And for anyone who cannot see my daily entries on either Instagram or Facebook, here is a gallery of selected work since my last blog post:

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100 days of creativity: my digital doodling project

It’s no secret that I am a huge believer in the power and value of creativity to enhance our lives. This can take any form – it’s simply doing something which you love and which makes your heart sing.

Q: what is creativity?

A: the relationship between a human being and the mysteries of inspiration

~ Elizabeth Gilbert, Big Magic

At the start of a workshop recently, attendees were asked to introduce themselves – you know, that initial ‘creeping death’ exercise – to include something about ourselves that we felt other people should know. I found myself saying that being creative every day was one of the most important aspects of my life, to the extent that an absence of creativity causes detriment to my health and wellbeing.

Cue a rather uncomfortable tumbleweed moment, as the other participants looked at me blankly. Admittedly, this was a somewhat unusual thing to say in the context of a business meeting about strategic planning. In fact, it even came as a surprise to me to find out that this is how I felt. And yet, as I was speaking, I could feel in my bones the compelling truth of my words.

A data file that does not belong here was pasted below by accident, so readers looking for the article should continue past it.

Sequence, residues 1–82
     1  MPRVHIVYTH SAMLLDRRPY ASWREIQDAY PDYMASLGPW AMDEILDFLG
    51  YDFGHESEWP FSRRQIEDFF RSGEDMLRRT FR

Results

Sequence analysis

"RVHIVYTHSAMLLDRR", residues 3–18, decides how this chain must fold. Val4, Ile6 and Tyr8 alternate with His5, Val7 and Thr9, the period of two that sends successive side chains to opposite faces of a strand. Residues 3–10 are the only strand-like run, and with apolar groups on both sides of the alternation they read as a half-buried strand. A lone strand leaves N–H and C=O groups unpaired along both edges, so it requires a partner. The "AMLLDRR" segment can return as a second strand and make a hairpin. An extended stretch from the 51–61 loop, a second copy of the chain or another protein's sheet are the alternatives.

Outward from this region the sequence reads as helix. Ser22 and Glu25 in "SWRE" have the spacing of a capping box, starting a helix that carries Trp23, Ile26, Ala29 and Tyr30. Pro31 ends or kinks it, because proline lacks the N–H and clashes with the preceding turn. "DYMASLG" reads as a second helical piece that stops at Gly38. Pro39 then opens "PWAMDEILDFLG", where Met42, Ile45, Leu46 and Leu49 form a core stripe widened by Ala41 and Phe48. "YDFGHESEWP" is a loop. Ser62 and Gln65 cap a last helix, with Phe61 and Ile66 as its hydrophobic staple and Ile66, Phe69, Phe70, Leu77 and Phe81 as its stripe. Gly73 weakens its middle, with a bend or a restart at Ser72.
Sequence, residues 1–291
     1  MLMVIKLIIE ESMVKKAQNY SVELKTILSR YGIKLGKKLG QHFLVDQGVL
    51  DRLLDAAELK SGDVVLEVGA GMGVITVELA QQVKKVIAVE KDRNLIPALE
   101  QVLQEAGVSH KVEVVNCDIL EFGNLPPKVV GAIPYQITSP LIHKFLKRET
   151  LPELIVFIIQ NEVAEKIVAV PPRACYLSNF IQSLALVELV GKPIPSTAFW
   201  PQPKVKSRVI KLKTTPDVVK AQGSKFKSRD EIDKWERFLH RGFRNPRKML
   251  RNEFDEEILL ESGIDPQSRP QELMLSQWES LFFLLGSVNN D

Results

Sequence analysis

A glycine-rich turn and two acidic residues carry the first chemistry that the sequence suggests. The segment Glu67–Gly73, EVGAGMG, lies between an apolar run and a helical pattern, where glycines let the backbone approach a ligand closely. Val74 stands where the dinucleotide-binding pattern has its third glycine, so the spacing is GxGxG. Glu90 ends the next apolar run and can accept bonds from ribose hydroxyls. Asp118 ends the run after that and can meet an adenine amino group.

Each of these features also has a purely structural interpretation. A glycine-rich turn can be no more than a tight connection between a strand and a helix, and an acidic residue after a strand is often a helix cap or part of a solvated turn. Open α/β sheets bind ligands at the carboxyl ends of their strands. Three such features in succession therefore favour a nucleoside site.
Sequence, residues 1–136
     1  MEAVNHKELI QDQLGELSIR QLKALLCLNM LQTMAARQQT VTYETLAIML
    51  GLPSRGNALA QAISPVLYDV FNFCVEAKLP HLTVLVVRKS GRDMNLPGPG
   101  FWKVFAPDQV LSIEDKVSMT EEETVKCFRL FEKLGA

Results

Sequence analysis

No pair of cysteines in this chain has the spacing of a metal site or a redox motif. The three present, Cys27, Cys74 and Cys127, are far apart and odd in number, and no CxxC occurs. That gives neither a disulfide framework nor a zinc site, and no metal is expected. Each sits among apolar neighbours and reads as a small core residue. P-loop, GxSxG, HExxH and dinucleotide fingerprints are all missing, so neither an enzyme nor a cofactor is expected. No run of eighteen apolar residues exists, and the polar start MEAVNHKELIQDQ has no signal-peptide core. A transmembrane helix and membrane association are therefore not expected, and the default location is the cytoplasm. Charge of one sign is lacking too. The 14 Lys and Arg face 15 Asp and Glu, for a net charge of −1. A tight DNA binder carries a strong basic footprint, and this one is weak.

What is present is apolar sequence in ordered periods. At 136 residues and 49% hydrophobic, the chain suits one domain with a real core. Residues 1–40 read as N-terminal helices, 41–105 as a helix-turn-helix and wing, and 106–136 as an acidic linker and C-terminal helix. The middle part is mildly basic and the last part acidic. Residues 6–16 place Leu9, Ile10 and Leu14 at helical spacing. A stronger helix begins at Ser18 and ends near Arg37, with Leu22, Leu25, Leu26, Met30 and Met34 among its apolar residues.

I consider myself to be very fortunate that I have the time and mental energy to make things on a regular basis. I have written plenty of times on this blog about my knitting and crochet projects, baking escapades, photography etc. But it occurred to me that I don’t actively prioritise being creative as an essential part of how I use my time.

A couple of days ago, I was on a train to Glasgow for a meeting. Whereas I would usually be checking e-mails, ticking stuff off my to do list etc, I chose instead to make some art. I had been reading a book about the Scottish artist Charles Rennie Mackintosh over the weekend – this year marks the 150th anniversary of his birth – and decided on the spur of the moment to close the inbox and doodle some CRM-esque roses:

I cannot tell you how much I enjoyed working on this sketch, for which I used the Procreate Pocket app on my phone and a stylus. Just 30 minutes of this activity gave me a zing in my heart and a spring in my step for the rest of the day.

Developing a regular sketching habit has been on my list of ‘things I really want to achieve’ for far too long now. So I have decided to have a go at the ‘100 day project’ challenge. This is where you commit to doing something small each day for, yes, 100 days in a row. It can be absolutely anything – I have seen examples of people doing yoga, taking a photograph, publishing a favourite quote. You get the idea. In my case, I will be publishing a digital doodle on Instagram each day. Here’s the first one:

Sitting here at my desk, I can hear a wide range of different birdsong – goldfinches, great tits, chaffinches – but what stands out are the swoops of the swifts’ rasping screech – a wonderfully iconic sound at this time of year.

I wondered whether it was wise to write about this project at the start, or whether it would be better to discuss it at the end, once I could say I had actually done it. I decided that sharing the experiment as I went along might be more interesting. Who knows, in a few weeks’ time, I might be writing about how difficult it was to maintain. But let’s not be too negative. I am actually expecting to be writing about all the very positive and joyous results of finally embracing a habit which has long been my wish to develop. We’ll see! ๐Ÿ™‚